What to do when you have to leave the workforce sooner than you planned.
You've been counting down the days to retirement for years, but what happens when that day comes sooner than you planned? A recent survey conducted by Athene found that while 67 percent of retirees left the workforce earlier than they anticipated, just 26 percent of them did so by choice. The other 74 percent retired early due to layoffs, downsizing, or medical issues.
If you find yourself forced into early retirement, the first thing you should do is acknowledge your emotions and resist the urge to make any big decisions, advises Josh Nelson, a financial advisor and CEO/founder of Keystone Financial Services in Loveland, Colo. "Financial decisions made when you are emotional can lead to bad choices."
After you've given yourself some time to process what has happened and accepted that this means a change of plans, the next step is to create a new plan. But rather than go it alone, you'll want to put together a team that can help you make this transition a successful one.
If your company did a mass layoff, chances are they brought in experts to handle the downsizing. "The company could have resources available at termination like an outplacement agency," says Nelson. Take advantage of these resources for as long as you possibly can. Then, bring a financial advisor into the picture to walk you through your financial options going forward. Here are a few things you'll likely consider:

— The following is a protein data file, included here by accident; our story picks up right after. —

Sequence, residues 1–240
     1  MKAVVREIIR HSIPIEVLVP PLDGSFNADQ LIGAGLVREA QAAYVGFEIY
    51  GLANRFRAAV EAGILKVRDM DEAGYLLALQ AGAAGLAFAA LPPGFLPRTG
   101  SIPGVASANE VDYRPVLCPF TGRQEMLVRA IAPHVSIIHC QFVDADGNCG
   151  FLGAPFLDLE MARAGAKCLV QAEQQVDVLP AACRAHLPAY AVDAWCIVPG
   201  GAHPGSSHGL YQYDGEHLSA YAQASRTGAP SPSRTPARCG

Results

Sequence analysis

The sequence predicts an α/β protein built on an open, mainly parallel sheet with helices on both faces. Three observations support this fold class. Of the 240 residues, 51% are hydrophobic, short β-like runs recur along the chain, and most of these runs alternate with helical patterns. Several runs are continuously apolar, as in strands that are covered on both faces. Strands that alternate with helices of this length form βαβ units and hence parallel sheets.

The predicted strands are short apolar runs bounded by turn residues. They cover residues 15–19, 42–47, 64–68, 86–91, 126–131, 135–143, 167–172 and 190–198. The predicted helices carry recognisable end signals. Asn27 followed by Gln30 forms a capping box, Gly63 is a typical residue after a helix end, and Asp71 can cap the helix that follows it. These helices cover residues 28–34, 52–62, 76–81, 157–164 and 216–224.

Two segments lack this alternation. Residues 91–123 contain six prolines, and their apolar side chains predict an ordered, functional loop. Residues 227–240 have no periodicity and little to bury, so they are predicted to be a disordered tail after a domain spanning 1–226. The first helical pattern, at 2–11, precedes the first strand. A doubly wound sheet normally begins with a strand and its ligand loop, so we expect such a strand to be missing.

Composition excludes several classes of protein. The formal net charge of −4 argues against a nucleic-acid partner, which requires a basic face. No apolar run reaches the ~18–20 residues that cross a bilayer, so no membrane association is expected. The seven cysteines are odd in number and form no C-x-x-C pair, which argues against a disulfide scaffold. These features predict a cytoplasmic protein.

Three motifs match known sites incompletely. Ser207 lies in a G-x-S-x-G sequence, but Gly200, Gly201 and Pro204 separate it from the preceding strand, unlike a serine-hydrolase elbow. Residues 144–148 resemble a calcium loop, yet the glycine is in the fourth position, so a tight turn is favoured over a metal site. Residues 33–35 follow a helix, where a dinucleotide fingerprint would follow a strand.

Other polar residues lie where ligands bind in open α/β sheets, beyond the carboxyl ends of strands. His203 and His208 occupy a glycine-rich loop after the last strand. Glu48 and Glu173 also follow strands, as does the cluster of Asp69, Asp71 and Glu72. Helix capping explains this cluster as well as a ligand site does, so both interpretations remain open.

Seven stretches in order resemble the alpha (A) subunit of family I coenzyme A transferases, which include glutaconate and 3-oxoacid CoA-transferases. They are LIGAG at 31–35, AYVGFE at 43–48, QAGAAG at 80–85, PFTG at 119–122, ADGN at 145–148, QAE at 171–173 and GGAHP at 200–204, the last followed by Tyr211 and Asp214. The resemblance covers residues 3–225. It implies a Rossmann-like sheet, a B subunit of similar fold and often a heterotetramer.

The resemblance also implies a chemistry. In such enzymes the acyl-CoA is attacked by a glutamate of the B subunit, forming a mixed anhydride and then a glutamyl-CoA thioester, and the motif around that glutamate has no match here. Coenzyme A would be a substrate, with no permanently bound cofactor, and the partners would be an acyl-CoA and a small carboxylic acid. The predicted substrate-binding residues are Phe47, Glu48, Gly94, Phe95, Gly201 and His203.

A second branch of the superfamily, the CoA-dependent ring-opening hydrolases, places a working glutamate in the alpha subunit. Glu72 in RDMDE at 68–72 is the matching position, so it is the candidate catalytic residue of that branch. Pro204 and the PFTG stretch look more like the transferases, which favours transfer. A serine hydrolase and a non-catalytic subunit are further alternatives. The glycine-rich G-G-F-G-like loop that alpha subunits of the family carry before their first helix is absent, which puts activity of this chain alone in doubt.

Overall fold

Uncover Hidden Pensions
If you once worked for another company that offered a pension, it is possible that the account still exists—it may have just been frozen when you left, says Nelson. That added money could help pad the retirement savings you already have.
Address Medical Costs
"Health insurance costs are some of the greatest costs throughout retirement," says Steven P. Azoury, CLU, ChFC, owner of Azoury Financial in Troy, Mich. If your company doesn't offer you an extension on your health insurance, and you're still too young to qualify for Medicare, getting another job that provides benefits—even if it's part-time—is a good option. So is becoming a dependent on your spouse's insurance.
Know Your Budget
"Most people don't know where their money is going and that's why putting together a balance sheet that you can review with a financial advisor is so important," says Nelson. "It allows you to see the reality of how much it costs to live for a month, and how much it would cost if you didn't get a paycheck." Once you have a good sense of your fixed expenses (your mortgage and car insurance, for example) and your discretionary expenses (such as cable, dining out, and vacations), you can decide where you can make some cuts.
Make a Move
"If you were planning to downsize from your family home in retirement, do it sooner rather than later," says Azoury. All those taxes and expenses that you'll save as a result can go into your retirement funds.